- Fin rot: The fins look ragged or damaged. This can also be caused by keeping your betta with “fin nippers” — smaller fish that tend to bite. Improve the water quality of the tank, and do regular water tests. Consult a veterinarian for more advice
- Ich: White spots on the fins and body. The fish breathes rapidly and rubs itself against the substrate and tank decorations. Ich is highly contagious. Remove the infected fish to a quarantine tank immediately. There are commercial antifungal treatments for ich. Add the medication to the tank water as directed
- Ammonia poisoning: Lethargy, gulping for air, red, burned-looking gills, possibly aggression towards other fish. Conduct water changes immediately, or move the fish to a safe tank. Use pH testing kits to check the water
- Fungus: White cottony growth on the fins or body, and maybe eye discoloration. Quarantine the fish immediately, and use a commercial antifungal treatment as directed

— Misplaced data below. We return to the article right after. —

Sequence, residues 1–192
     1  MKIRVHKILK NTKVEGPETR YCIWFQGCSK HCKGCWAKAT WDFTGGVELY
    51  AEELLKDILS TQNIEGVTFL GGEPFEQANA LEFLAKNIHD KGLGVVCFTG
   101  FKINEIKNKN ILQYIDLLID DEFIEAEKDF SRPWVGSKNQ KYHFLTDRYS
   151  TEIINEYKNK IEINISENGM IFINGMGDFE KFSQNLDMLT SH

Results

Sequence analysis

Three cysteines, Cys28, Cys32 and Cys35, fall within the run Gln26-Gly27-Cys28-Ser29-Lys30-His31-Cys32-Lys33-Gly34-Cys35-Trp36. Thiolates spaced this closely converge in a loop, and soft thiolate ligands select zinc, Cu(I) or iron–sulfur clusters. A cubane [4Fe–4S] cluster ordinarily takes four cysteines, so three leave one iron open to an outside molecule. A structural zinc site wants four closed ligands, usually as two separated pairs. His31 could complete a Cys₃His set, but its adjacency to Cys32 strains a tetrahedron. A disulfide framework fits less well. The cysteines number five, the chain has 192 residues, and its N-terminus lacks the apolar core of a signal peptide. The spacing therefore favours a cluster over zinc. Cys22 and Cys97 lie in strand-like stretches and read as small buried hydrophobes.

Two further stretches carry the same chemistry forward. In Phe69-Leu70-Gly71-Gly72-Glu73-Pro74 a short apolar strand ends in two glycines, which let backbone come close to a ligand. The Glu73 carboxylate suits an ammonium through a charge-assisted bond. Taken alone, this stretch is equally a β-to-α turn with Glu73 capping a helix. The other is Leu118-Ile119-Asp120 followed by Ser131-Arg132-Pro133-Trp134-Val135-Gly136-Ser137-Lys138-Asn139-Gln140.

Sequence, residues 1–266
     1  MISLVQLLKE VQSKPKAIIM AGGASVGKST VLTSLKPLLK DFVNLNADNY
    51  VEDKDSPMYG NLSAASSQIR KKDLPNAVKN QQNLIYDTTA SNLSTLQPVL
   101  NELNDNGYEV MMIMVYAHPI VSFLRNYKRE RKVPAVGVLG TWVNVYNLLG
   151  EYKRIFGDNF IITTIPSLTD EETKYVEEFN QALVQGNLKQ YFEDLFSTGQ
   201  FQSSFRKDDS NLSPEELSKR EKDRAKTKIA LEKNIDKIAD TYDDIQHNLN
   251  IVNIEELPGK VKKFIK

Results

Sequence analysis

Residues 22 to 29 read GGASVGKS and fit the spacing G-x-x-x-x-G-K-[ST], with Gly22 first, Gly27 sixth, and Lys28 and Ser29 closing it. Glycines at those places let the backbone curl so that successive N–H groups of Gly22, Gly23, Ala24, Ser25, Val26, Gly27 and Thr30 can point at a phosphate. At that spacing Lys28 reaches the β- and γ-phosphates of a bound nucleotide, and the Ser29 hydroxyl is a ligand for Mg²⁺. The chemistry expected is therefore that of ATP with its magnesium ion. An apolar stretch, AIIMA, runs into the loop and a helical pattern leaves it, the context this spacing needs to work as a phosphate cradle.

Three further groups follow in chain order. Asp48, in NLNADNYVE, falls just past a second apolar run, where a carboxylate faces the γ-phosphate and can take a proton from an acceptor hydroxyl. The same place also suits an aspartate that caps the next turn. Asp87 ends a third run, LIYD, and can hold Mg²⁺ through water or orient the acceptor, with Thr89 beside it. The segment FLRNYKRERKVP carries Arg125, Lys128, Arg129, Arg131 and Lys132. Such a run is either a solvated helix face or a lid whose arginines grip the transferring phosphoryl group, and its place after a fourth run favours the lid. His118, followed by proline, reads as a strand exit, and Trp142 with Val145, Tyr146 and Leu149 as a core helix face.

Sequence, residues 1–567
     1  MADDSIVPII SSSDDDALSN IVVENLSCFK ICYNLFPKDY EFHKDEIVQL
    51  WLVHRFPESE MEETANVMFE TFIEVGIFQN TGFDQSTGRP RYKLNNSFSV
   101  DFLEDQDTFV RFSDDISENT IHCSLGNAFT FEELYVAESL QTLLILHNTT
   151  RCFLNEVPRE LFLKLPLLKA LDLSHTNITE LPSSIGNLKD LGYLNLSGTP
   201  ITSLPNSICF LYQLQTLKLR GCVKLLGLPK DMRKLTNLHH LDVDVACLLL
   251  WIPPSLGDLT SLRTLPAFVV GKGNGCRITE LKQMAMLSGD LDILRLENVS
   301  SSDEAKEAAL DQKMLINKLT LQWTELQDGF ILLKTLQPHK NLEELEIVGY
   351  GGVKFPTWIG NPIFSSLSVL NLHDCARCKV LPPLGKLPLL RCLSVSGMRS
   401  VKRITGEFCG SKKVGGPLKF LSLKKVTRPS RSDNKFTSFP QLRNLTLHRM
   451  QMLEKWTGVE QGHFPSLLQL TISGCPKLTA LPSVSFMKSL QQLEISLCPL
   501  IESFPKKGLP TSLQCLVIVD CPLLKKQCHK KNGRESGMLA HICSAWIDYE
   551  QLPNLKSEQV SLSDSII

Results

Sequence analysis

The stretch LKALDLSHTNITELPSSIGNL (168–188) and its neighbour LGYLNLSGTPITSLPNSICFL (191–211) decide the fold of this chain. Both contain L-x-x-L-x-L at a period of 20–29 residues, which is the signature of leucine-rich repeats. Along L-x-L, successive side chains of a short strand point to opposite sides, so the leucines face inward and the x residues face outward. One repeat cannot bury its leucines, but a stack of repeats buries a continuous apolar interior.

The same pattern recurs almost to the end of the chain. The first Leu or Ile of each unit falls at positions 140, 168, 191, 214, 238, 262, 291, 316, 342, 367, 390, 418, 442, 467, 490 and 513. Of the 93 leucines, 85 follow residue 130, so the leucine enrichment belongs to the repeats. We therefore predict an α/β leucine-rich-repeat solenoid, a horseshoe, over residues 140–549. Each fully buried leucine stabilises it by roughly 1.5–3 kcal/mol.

Should You Get a Betta Fish?
Bettas are beautiful, unique, and highly rewarding fish to keep. With a little care and attention, even new fish-keepers can keep their bettas healthy, happy, and flourishing.
You wrote that you can alternatively keep two females and a male. Did you mean in place of a single male or in addition to? I’m fairly certain you meant in place of but if I’m wrong let me know!
Hi Brandon, yes you’re correct, this is in place of keeping a single male. Thanks, Robert